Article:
Some pics taken with a Sky-Watcher 130 I have dug out:

Although the view through the EP are a lot better than captured on my camera:

All taken with the Sky-Watcher 130mm

post-19590-133877487863_thumb.jpg

post-19590-133877487866_thumb.jpg

post-19590-133877487869_thumb.jpg

post-19590-133877487871_thumb.jpg

post-19590-133877487873_thumb.jpg

Edited by RayGil
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Thanks Mark, i have read the link, very helpfull.

I'm sure i'd like the hobby, the skies fasinate me, my only problem is i am extremely impatient :icon_salut:

I am going to do some more reading before i make my mind up but i think i may go for the sky watcher 130mm.

Thanks

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I am as impatient as the next person too :icon_salut: but you really need to do the groundwork, if you get the wrong scope it may disappoint and put you off.

I am sure the skywatcher will be great, but look at Dobs too, different mount but you get more aperture for your money, its all horses for courses and don't dismiss second hand, most astro stuff is cared for by their owners you will get more for your money and of course if you don't like it won't lose so much if you decide to sell.

U.K. Astronomy Buy & Sell

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I'm also pretty sure any/most 130mm scope's will produce reasonable results, I was swayed by the sky at Night review on the scope, and same for the 200mm. The 130mm will give you reasonable results with Saturn, Jupiter, Mars and of course the Moon. As for DSO's M31, M57, M13 are ok, most clusters are fine, but a lot of DSO's are fuzzy, but then again the 200mm is only slightly better at DSO's, larger image & better resolving power.

Just don't get your hopes up and seeing NASA type images with a 5.1" reflector, it takes time to learn the sky and it also takes time to learn how to get the best out of your scope, what ever diameter you decide on.

My comments are based on having the 130mm & 200mm side by side and viewing objects with each, although I have now sold the 130mm I still rate this scope and I have looked through quite a few scopes that other users have locally.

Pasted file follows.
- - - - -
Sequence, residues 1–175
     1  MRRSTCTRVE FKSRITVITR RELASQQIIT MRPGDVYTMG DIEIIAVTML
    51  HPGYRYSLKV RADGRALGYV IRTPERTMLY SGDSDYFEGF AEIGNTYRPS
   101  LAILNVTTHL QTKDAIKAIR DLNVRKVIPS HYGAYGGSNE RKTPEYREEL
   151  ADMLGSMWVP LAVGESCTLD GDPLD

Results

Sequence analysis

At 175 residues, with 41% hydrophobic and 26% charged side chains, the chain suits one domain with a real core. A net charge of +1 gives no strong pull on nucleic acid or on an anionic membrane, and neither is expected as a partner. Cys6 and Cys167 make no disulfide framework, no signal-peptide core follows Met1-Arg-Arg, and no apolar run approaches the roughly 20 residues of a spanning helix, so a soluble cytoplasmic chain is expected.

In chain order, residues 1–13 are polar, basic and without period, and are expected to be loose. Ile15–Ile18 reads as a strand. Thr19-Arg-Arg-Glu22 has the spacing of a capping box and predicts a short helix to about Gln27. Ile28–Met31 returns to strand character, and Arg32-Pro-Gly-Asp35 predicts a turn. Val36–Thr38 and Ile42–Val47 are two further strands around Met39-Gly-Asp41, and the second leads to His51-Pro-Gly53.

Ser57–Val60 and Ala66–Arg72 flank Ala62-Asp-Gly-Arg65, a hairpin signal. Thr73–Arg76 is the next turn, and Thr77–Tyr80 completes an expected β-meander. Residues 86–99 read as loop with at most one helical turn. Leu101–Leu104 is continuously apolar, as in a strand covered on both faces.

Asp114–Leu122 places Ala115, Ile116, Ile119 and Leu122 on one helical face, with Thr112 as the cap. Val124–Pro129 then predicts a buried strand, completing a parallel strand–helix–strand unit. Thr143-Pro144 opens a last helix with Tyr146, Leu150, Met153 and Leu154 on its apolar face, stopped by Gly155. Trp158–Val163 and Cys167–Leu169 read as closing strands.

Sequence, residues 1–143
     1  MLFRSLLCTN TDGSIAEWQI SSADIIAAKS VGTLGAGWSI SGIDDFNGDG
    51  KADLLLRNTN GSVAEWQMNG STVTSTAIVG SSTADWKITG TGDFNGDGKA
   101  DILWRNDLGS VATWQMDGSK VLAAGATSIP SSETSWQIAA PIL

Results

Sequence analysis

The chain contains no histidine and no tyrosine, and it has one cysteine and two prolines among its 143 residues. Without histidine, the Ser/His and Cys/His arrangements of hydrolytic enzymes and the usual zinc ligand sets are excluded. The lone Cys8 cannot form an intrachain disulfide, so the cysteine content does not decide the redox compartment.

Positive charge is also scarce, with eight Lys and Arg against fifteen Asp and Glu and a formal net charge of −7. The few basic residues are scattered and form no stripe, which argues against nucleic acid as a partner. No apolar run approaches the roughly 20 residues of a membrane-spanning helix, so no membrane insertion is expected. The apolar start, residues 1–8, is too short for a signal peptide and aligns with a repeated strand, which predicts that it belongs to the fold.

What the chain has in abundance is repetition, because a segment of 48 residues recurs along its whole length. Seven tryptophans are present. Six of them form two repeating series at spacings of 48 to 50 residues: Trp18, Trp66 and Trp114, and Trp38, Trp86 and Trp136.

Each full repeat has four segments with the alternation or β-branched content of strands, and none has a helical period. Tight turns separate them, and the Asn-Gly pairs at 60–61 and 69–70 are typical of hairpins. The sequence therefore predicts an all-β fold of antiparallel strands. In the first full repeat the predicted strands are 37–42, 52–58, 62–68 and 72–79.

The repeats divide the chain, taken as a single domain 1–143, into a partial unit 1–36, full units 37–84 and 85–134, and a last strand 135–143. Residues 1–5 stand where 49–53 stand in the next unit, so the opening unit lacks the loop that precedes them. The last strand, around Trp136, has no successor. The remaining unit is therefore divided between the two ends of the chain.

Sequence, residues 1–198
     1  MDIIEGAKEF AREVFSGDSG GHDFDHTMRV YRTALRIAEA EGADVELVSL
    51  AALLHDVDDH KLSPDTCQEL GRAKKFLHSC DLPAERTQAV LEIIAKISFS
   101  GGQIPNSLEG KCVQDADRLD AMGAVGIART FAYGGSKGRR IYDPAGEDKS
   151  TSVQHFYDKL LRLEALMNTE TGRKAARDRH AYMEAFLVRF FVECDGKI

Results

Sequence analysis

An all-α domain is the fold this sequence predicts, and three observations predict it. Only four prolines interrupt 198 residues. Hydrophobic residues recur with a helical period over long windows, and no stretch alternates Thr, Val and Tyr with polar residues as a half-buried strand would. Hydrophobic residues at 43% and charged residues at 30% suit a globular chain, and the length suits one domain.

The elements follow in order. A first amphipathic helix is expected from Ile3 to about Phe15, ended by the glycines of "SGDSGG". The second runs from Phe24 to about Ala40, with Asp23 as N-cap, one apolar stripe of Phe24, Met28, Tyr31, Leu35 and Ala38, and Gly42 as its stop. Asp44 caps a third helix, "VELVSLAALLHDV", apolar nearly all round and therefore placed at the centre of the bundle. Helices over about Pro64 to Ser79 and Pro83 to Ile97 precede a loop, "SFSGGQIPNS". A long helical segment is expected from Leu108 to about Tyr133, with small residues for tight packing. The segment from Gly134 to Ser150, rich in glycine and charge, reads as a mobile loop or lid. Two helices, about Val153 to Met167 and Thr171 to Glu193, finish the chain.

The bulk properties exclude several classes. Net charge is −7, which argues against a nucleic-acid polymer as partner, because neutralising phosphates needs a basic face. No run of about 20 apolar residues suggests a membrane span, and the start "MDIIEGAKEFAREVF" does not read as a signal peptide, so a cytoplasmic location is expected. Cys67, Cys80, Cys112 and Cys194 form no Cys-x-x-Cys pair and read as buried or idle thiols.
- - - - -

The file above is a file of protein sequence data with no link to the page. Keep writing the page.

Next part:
Hope this helps, and good luck with your choice.

Ray

Edited by RayGil
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Thanks Mark, i have read the link, very helpfull.

I'm sure i'd like the hobby, the skies fasinate me, my only problem is i am extremely impatient :icon_salut:....

A quick friendly warning here :(

Astronomy is not really a hobby of "quick wins" in my opinion. It takes time to select the right gear, time to learn the sky and time to learn how to use the equipment and to train your eyes to "see" properly.

With the exception of the moon, the first views through telescopes are often underwhelming if you are expecting too much - planets seem tiny, deep sky objects faint or invisible.

With patience and spending time on the hobby, the results, and the rewards, will come though ;)

Sorry if this seems rather dull advice but I felt it was worth saying.

You mention that you don't mind spending more money on decent eyepieces, be aware that for an F/4.4 scope you can easily spend more than the scope costs for a single eyepiece that would perform really well with it !.

So it is worth thinking about the spec of the scope and understanding the pros and cons before you buy.

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I am sure the skywatcher will be great, but look at Dobs too, different mount but you get more aperture for your money.

U.K. Astronomy Buy & Sell

Dobs??, i shall take a look at the buy and sell site.

Thanks

I'm also pretty sure any/most 130mm scope's will produce reasonable results, I was swayed by the sky at Night review on the scope, and same for the 200mm. The 130mm will give you reasonable results with Saturn, Jupiter, Mars and of course the Moon. As for DSO's M31, M57, M13 are ok, most clusters are fine, but a lot of DSO's are fuzzy, but then again the 200mm is only slightly better at DSO's, larger image & better resolving power.

Just don't get your hopes up and seeing NASA type images with a 5.1" reflector, it takes time to learn the sky and it also takes time to learn how to get the best out of your scope, what ever diameter you decide on.

My comments are based on having the 130mm & 200mm side by side and viewing objects with each, although I have now sold the 130mm I stall rate this scope and I have looked through quite a few scopes that other users locally have.

Hope this helps, and good luck with your choice.

Ray

Thanks Ray, that helps alot.

Nick